CIVL 313

ABET SYLLABUS

Course Title and Number

CE 153- Structural Mechanics

Catalog Description

Fundamentals of structural analysis for beams, trusses, and frames.  Topics include influence lines, approximate analysis methods, deflection analysis, deflection analysis, and statically indeterminate structures.  Methods applicable to computer analysis are introduced.

Prerequisites/Corequisites

CE 153: Structural Mechanics. Credit 4; 4 hours lecture per week.  Prerequisites: CE 101 and ECE 090 or CE 020.  By topic: Differential and integral calculus; vector properties; fundamental principles of force systems and static equilibrium; basic structural systems; centroids, product and moments of inertia, including principle axes, rotational transformation; sketching and visualization.

Textbook and Other Required Material

Kassimali, A. (1999)  Structural Analysis Second Edition

References

CE 153 Structural Mechanics  Course Supplement, R.S.
Mills, Spring 1998.

Course Objectives

The objectives of the course are to:

  • Provide students with a basic understanding of structural behavior
  • Introduce analytical tools for mathematical modeling of structural elements and systems
  • Present more advanced concepts of structural analysis
  • Introduce students to loads on structures and gravity and lateral force resisting systems
  • Provide a solid foundation for subsequent study of more advanced topics
  • Review and reinforce fundamental skills in mathematics, science and engineering statics, strength of materials, and computer applications in engineering
  • Prepare students for successful completion of the professional FE examination
Topics Covered
  • Reactions, shear and bending moment diagrams and truss analysis
  • Introduction to gravity, wind and UBC required earthquake loads on structures
  • Introduction to gravity and lateral force resisting systems
  • Influence lines and applications for both fixed position and moving loads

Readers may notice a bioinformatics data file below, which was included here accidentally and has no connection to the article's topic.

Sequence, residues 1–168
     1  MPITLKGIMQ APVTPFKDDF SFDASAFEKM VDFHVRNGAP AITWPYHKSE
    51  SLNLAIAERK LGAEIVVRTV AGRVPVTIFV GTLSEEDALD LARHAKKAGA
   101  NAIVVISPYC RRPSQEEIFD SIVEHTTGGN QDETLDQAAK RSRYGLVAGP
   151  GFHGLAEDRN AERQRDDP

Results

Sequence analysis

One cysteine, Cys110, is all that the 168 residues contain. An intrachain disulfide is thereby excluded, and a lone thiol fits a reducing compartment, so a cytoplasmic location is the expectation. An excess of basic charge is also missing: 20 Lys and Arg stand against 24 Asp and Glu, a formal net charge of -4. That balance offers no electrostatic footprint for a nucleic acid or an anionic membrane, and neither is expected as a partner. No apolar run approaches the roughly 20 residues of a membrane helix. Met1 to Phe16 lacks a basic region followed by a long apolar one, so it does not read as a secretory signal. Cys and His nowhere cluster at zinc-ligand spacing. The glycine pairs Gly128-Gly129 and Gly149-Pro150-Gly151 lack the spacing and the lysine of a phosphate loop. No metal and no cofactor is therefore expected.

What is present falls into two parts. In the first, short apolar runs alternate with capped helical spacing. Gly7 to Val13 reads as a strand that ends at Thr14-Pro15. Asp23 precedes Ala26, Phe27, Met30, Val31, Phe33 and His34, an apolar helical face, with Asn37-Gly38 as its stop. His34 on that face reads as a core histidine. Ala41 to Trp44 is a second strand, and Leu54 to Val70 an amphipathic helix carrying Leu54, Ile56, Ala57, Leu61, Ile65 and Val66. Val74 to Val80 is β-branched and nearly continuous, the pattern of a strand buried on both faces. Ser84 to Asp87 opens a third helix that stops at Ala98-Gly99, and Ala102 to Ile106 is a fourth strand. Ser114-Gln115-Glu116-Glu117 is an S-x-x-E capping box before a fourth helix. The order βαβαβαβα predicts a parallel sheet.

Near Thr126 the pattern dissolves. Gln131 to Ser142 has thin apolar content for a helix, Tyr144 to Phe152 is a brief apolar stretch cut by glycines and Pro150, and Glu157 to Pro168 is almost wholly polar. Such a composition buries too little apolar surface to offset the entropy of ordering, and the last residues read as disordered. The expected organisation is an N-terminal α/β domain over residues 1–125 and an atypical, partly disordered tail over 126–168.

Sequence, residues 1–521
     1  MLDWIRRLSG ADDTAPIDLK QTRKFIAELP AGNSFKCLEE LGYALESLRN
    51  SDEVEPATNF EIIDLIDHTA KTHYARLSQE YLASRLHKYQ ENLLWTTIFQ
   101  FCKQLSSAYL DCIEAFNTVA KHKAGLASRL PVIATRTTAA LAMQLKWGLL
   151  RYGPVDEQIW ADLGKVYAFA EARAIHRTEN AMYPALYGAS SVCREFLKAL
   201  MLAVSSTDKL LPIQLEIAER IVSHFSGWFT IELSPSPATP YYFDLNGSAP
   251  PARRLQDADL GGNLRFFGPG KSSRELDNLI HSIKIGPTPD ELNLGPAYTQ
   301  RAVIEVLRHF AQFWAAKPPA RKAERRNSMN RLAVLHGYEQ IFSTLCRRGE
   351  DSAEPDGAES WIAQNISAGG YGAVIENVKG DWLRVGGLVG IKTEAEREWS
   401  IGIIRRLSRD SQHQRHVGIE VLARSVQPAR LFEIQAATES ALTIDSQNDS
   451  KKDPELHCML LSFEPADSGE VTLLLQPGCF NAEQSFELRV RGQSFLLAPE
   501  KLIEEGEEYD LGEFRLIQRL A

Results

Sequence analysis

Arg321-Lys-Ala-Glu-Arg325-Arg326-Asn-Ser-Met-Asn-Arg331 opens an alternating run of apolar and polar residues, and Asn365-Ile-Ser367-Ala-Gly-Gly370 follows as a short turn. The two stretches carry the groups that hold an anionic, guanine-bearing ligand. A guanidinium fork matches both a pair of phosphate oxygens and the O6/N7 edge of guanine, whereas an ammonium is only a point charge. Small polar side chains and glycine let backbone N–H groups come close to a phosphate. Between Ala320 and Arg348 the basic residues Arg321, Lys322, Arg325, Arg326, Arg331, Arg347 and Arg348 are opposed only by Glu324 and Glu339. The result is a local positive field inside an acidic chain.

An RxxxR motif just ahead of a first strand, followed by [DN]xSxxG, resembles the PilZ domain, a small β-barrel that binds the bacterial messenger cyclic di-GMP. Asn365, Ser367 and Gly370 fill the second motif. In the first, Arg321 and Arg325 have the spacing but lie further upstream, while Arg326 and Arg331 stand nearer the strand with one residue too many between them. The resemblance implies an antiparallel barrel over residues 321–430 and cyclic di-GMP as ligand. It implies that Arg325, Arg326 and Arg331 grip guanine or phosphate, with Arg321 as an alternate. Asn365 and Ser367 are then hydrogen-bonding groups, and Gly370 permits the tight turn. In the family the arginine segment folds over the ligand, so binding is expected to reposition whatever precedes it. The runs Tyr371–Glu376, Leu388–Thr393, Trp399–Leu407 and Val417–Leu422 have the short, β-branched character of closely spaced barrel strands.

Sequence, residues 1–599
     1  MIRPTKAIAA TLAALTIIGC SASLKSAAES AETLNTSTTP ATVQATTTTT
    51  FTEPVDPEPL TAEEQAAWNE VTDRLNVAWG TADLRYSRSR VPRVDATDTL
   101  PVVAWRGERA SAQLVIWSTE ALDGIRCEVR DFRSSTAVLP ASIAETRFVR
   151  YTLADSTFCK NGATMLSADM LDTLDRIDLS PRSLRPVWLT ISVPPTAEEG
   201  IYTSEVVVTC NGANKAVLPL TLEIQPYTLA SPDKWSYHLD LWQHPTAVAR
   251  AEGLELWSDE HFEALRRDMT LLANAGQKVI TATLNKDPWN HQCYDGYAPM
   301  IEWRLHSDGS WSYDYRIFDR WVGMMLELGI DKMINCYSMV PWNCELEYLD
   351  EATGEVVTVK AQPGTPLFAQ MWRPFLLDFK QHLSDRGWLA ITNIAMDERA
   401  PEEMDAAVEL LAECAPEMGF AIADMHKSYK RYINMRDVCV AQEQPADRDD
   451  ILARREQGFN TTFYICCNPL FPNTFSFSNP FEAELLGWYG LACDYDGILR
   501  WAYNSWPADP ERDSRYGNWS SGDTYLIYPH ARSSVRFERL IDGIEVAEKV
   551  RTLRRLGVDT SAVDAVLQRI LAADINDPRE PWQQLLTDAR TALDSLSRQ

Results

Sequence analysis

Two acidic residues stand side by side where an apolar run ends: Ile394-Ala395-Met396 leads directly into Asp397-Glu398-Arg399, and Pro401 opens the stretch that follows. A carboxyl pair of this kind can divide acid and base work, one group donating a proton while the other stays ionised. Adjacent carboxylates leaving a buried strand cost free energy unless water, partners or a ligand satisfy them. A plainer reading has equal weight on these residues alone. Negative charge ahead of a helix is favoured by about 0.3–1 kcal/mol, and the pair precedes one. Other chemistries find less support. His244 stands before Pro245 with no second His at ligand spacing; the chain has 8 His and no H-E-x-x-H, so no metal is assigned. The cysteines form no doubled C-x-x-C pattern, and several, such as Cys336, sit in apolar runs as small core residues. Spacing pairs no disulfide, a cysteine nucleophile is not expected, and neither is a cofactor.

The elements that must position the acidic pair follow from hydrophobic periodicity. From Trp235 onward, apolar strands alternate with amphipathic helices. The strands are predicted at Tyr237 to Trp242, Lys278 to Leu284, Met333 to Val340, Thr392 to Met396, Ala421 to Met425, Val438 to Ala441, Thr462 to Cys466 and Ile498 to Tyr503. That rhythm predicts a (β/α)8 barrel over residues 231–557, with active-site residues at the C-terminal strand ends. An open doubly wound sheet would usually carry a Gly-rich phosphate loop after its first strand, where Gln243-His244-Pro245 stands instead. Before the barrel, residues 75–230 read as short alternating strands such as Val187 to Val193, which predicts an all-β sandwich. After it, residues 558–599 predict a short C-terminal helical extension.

• Deflection analysis of beams frames and trusses by Moment Area, Conjugate Beam, and Virtual Work methods
  • Statically determinate and indeterminate structures, redundancy
  • Approximate analysis of structures for gravity and lateral loads
  • Analysis of beams and frames with Slope Deflection and Moment Distribution methods
  • Computer and hand analysis of structures with stiffness and flexibility methods.
  • Applications of matrix linear algebra.

Outcomes

Students completing the course will be able to:

  • Perform structural analysis of structural systems with a variety of compositions under a multitude of loading conditions
  • Analyze structural systems under a multitude of loading conditions, both statically determinate and indeterminate
  • Construct shear and bending moment diagrams and influence lines for beams and frames
  • Demonstrate a basic understanding of loads on structures
  • Calculate deflections in beams, frames and trusses
  • Analyze complex structural systems on the computer

Class/Laboratory Schedule

Two hundred minutes a week lecture

Contribution of Course to Meet the Professional Component

Engineering Sciences
Engineering Design

Relationship of Course to Program Objectives

The course supports the achievement of the following ABET program outcomes and objectives (reference Engineering Criteria 2000, Criterion 3).

  • Ability to apply knowledge of mathematics, science and engineering
  • Ability to identify, formulate and evaluate engineering problems
  • Ability to use the techniques, skills, and modern engineering tools necessary for engineering practice

The course supports the achievement of the following CE program objectives.

  • Provide a broad-based education in engineering sciences and design.
  • Provide a rigorous, well-balanced, comprehensive and contemporary curriculum stressing fundamentals common to many fields of civil engineering.
  • Develop skills of written communication and critical thinking which are important to a successful professional life.
Assessment
  • Daily homework assignments, discussed daily in class for self-evaluation and collected approximately weekly for numerical grading and written feedback
  • Three 1-hour midterm exams and one 2-hour comprehensive final exam
  • Occasional unannounced quizzes
  • Occasional in-class cooperative/interactive problem assignments
Prepared by

Joel Arthur